Exclusivity and Royalties
It takes several years to pay off the investment of time and materials that goes into developing new varieties. Because of this, institutional plant breeders typically seek out monopoly protections in the form of patents or plant variety protection. We release our new varieties under the OSSI Open Source pledge, so it is possible for competitors to begin offering them very quickly. I’m not opposed to other companies selling our varieties, but it is important that we make some money on them if the business is to remain viable. This is not a high volume business, so even a small amount of competition can cut pretty deeply.
Because of this, I request that competitors honor two voluntary practices: an exclusivity period and a 10 year royalty. To be clear, you are not legally obligated to honor these. The varieties are open source and there are no legal restrictions on your ability to propagate and sell them. Almost everything about this business is experimental and this is just one more, a social experiment. I hope that most of you would not require a lawyer to twist your arm in order to see the sensibility in participating. I presume that, if you choose to offer our varieties, you would like to see more of them in the future and therefore agree that it is a good idea to help keep us going.
These do not apply if you are selling our varieties for food, only for seed. I recognize that the dividing line isn’t always completely clear, so just use your best judgement.
The period of time that it takes to pay off a new variety differs between crops. For potatoes, it is about two years. For oca and mashua, about three years. For yacon, it is five years. For ulluco, it is 15 years (although I hope that will come down in time). Because of this, I request that you do not sell new varieties for that period of time. The year that exclusivity ends is printed on the packet and there is also a table below listing the dates for our varieties.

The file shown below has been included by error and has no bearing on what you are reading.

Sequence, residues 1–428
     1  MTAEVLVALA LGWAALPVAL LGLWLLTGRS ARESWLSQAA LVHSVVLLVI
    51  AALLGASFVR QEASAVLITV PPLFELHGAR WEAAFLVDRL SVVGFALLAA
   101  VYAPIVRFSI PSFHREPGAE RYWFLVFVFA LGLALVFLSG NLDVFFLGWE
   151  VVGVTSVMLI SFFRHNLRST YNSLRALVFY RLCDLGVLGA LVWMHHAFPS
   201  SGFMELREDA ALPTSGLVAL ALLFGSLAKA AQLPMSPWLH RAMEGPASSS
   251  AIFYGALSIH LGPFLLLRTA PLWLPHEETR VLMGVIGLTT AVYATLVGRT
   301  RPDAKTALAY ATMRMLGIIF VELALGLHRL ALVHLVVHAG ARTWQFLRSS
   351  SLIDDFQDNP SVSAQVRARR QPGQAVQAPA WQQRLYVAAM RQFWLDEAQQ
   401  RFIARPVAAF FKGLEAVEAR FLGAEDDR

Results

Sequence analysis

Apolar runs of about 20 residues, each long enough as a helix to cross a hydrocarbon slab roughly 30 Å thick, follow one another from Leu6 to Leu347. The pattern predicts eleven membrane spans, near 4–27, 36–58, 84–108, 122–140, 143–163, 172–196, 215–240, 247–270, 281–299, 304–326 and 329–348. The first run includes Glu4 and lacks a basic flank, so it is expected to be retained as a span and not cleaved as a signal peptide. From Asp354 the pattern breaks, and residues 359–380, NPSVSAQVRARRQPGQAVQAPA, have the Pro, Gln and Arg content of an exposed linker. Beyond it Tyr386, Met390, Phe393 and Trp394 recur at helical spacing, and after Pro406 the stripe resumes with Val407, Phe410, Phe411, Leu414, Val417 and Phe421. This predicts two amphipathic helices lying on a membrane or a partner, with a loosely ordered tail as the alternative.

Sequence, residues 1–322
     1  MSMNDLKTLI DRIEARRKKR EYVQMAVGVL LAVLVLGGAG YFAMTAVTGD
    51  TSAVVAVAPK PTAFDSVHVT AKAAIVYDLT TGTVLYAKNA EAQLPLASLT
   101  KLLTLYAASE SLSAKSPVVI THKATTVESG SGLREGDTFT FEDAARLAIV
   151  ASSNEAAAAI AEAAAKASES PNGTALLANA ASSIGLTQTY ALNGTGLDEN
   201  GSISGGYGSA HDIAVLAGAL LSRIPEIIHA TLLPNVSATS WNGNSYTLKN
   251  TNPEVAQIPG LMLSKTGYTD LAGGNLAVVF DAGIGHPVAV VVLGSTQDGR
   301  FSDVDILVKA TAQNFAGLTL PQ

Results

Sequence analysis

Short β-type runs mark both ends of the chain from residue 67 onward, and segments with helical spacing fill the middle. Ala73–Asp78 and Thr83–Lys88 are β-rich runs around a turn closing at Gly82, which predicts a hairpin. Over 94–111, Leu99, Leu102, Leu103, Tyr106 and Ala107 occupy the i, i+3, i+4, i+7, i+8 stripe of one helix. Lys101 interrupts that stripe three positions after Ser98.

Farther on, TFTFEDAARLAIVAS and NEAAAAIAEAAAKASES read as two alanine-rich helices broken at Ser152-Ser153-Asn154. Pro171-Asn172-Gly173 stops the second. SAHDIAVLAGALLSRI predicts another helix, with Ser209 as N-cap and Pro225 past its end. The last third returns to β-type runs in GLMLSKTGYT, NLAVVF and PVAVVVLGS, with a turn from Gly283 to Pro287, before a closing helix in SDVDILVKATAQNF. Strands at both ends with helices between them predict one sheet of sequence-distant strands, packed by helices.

Exclusivity only applies in regions where we sell, which is currently limited to the USA. If you offer these varieties outside of the USA and do not sell to customers in the USA, then there is no need to observe the exclusivity period. Realistically, if you are importing our varieties legally to another country in order to sell them, it will probably take longer than the exclusivity period before you can introduce them anyway.
We request a voluntary royalty of 5% of gross sales on our varieties for the 10 years following the end of exclusivity. Look at this as an investment. You can bet that I will pay close attention to the needs of anyone who pays us a royalty. If you want access to new things quickly and want to offer them with my endorsement, 5% seems a small price to pay. If 5% is too steep though, something is always better than nothing.
There are no rules for how you go about this. You can keep detailed records or you can make a gross estimate. You can pay once per quarter, once per year, or whatever makes sense to you. You can pay more or less than the suggested amount or for more or less than the suggested 10 years. I have suggested what I think is reasonable, but all the decisions are ultimately up to you.
This table shows the introduction year for Cultivariable Original varieties and the year through which we request exclusivity and royalties. The introduction year is the first year that the variety was offered for sale without restriction. In some cases, we offer a variety in limited quantities for testing and evaluation before the introduction year.
|Crop||Variety||Intro. Year||Exclusivity Through